"The Dayton accords pasted together a very weak international state that now survives predominantly by the presence of the European community and residual NATO troops," says Doyle. "They're holding the country together. It's not a country that could exist if it were completely independent."
Other examples: East Timor, Liberia, Congo, Afghanistan, and Iraq.
Victories that end with a bang seem obvious enough to spot. But often, what seems like outright victory only leaves a discontented population (even if it's the minority) unwilling to accept defeat but smart enough not to reignite outright combat.
In Chechnya's case, Russia launched wars in 1994 and 1999 to respond to secession attempts by Chechen rebels. It's not hard to see who had the greater strength of arms; Russian forces utterly decimated the capital, Grozny, and resumed direct control of its government, while the rebels have accomplished only terror attacks and targeted killings. Following the war, Russia maintained a decadelong counterterrorism campaign to quell the insurgency. Eventually, Moscow declared that Chechnya had been subdued and installed a local strongman (with what appears to be a penchant for extrajudicial killings) to do its bidding.
Rather than surrender or continue fighting, the rebels simply resorted to wilier methods. In 2002, they stormed a Moscow theatre and began a hostage crisis that left 129 civilians dead. Others targeted an elementary school in Beslan, North Ossetia, in 2004—killing 344, more than half of them children. And so there's something like a standoff. On one side remains a scattered insurgency. On the other are routine crackdowns by Moscow's client. Still, this past April, Russia announced an end to its counterterrorism operations, effectively declaring Chechnya's separatist battles over.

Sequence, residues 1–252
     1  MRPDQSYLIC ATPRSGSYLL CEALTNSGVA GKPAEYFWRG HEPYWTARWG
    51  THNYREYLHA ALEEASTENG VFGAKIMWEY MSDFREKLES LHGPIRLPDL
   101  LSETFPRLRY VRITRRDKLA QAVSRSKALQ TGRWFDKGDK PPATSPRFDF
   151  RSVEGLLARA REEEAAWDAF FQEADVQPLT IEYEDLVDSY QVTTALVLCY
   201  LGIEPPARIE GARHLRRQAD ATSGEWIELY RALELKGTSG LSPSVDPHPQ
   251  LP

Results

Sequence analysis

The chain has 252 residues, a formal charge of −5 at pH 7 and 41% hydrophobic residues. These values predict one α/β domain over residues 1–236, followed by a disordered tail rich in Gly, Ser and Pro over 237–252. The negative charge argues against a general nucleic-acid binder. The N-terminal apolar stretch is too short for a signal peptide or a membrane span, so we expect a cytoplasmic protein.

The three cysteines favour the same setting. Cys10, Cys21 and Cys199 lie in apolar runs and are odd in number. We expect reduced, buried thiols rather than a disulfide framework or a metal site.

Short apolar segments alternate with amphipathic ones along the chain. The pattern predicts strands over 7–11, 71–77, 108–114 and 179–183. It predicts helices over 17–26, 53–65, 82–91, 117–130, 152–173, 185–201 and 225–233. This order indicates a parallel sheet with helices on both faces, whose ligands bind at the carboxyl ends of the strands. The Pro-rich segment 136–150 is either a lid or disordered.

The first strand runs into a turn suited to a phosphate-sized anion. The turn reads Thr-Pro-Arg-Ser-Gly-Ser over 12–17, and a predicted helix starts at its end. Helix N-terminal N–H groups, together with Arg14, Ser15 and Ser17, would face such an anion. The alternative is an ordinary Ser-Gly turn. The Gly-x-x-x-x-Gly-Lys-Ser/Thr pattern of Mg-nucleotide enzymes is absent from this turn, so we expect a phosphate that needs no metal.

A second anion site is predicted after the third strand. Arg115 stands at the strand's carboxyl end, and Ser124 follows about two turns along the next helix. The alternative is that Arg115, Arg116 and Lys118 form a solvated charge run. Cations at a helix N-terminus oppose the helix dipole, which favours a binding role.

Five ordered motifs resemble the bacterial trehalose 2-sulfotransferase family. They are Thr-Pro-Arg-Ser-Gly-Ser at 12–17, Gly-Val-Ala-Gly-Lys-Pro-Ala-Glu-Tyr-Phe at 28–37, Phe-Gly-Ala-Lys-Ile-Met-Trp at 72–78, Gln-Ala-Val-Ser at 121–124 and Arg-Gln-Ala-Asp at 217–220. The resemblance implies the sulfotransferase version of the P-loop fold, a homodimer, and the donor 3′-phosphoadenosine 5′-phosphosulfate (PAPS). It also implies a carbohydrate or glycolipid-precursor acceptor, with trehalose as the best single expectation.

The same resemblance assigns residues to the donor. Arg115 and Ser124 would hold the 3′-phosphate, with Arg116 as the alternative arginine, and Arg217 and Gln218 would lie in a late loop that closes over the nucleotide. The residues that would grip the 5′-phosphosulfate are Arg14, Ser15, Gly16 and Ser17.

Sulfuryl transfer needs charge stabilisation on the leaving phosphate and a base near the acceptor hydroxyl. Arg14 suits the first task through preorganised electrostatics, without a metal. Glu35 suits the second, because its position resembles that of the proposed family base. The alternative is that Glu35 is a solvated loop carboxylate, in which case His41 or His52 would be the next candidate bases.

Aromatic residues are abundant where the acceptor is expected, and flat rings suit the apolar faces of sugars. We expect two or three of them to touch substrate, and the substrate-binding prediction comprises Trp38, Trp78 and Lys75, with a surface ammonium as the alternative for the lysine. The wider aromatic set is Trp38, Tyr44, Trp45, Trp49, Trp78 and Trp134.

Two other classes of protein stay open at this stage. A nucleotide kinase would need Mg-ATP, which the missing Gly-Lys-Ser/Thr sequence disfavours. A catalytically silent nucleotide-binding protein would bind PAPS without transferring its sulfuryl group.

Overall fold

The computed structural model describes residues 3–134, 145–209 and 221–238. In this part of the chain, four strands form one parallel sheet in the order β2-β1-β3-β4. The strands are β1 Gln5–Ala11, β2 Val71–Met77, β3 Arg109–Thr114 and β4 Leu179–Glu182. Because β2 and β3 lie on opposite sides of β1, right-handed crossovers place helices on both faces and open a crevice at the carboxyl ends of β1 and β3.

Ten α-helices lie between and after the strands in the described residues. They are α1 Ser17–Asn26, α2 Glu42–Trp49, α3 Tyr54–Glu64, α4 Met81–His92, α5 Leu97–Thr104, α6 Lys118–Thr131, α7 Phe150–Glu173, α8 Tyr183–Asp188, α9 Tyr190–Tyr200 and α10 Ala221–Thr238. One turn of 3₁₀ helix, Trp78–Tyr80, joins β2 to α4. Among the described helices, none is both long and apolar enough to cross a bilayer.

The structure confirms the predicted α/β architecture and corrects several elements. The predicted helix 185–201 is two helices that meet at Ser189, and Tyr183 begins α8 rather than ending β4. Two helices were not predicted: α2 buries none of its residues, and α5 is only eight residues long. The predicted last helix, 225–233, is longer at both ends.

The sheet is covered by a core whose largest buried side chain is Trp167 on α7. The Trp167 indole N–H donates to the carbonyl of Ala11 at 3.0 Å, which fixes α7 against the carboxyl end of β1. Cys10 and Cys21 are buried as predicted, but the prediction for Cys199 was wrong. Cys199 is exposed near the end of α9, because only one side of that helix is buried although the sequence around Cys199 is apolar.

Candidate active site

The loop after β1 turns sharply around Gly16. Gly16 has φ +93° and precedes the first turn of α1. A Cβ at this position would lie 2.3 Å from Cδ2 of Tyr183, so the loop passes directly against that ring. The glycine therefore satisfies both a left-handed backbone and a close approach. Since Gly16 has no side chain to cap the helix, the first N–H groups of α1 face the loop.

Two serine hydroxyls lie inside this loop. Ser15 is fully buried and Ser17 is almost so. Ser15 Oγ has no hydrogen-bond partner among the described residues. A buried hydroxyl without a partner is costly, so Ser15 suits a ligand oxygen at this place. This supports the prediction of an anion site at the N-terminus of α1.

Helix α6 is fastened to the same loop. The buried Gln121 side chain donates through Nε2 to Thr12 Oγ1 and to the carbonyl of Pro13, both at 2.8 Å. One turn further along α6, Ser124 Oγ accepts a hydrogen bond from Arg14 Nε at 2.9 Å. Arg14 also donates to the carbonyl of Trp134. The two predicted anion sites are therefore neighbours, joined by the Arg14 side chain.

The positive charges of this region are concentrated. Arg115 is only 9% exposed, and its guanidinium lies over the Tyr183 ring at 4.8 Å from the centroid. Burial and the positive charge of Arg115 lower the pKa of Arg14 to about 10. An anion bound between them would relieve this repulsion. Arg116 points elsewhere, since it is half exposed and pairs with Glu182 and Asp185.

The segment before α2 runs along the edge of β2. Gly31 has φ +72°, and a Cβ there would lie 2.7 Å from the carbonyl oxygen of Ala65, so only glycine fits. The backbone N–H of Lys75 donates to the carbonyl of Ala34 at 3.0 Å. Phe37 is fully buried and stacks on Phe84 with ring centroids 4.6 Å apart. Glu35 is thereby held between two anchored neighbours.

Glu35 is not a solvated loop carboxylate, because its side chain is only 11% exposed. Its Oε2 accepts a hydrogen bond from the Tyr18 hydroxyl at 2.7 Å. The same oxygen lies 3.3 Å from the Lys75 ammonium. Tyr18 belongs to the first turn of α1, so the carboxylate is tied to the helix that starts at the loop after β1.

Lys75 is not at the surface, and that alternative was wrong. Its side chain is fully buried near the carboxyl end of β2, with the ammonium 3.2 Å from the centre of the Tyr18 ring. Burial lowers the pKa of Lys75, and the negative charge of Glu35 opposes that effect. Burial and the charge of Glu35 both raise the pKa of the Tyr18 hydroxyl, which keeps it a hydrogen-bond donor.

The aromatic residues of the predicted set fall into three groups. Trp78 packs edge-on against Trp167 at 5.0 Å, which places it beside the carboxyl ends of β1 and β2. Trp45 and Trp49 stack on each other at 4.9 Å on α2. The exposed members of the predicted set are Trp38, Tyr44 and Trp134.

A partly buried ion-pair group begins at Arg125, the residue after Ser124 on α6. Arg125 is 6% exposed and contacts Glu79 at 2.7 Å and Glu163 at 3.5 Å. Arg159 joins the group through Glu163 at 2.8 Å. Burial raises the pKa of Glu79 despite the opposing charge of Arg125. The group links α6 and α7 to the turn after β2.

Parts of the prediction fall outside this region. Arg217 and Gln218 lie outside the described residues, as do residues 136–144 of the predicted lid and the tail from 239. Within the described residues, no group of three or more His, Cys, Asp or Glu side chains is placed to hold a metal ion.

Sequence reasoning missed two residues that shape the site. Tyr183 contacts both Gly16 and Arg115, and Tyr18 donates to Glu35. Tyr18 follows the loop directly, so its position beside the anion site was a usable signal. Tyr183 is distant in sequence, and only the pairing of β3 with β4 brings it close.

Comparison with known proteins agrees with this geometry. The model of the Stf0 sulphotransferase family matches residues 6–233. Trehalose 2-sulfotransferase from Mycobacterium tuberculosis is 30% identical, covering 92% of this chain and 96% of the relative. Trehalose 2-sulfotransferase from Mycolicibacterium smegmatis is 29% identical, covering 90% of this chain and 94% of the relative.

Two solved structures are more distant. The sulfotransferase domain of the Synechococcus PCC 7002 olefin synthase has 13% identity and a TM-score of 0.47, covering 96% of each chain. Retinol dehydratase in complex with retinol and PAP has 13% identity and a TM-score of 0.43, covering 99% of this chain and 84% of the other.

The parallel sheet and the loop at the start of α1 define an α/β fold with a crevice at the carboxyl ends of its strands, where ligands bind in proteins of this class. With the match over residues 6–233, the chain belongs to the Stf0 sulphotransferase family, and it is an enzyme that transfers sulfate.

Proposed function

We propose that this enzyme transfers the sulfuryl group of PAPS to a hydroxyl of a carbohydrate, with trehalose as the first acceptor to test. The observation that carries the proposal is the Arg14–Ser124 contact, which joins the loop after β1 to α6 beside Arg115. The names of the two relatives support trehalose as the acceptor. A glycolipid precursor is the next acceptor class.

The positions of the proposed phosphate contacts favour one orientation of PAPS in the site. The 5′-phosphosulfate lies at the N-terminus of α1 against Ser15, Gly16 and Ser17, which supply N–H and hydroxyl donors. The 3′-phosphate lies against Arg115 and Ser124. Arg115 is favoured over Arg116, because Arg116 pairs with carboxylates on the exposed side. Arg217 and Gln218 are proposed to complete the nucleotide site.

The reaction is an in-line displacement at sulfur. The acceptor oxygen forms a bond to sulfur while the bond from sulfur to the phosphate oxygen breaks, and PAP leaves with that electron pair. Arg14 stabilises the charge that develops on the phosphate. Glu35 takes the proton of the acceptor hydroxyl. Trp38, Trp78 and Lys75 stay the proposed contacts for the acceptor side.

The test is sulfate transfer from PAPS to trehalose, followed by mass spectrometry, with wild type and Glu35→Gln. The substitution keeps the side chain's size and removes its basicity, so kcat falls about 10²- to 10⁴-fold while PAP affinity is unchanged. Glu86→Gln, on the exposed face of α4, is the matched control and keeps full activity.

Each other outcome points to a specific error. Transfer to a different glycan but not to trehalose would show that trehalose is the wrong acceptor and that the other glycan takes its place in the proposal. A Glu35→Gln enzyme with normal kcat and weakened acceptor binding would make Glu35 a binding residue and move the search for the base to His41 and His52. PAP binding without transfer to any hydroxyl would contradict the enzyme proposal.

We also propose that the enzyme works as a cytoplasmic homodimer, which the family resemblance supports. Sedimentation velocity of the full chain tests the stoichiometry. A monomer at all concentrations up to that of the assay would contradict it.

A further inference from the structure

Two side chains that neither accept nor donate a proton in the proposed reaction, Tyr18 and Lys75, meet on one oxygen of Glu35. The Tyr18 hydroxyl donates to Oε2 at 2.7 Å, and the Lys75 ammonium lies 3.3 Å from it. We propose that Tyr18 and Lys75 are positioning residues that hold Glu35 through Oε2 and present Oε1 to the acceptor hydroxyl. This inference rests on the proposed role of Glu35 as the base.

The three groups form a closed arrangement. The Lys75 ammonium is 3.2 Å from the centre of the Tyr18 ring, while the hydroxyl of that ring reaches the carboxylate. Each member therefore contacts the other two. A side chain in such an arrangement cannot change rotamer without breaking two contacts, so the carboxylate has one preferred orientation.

According to Stanford political scientist James Fearon, the conflict has been suppressed to the point that it can no longer be called a civil war. But sporadic violence continues: attacks on police, civil-society leaders, and high-ranking government officials returned this summer, raising the specter of a third war. Ominously, suicide attacks, which had not been seen in years, began to recur, including one at the beginning of January that killed six police officers. That's similar to Colombia, where leftist rebels have lost much of their strength in the past decade, leading observers like Doyle to postulate that the end of the conflict will be one long slow fizzle. But so long as occasional attacks persist, it's an uneven and chronically uncertain win at best.
Other examples: Colombia, Yemen, Western Sahara (Morocco).
Victories since World War II are both less common and less clear, but they do still happen. The North Vietnamese eventually conquered South Vietnam and expelled U.S. forces. Iraq's land grab in Kuwait was successfully repelled by an enormous U.S.-led coalition in the first Gulf war, demonstrating—in their collective horror over the invasion—just how rare and unfashionable wars fought over land grabs have become. And colonial campaigns ousted foreign occupiers throughout Africa and Asia, notably in places like Algeria, Mozambique, and Afghanistan.
More recently, Sri Lanka's newly ended civil war provides an instructive example of how old-fashioned victory can still work. For over 26 years (a virtual eternity compared to most wars), the ethnic Sinhalese-majority government fought the ethnic Tamil Tigers, who wanted to secede from the island country. During that time, the Tigers introduced suicide bombing to modern warfare. In 2005, a new Sinhalese president came to power and—determined to win the war once and for all—launched a final debilitating offensive in the spring of 2009.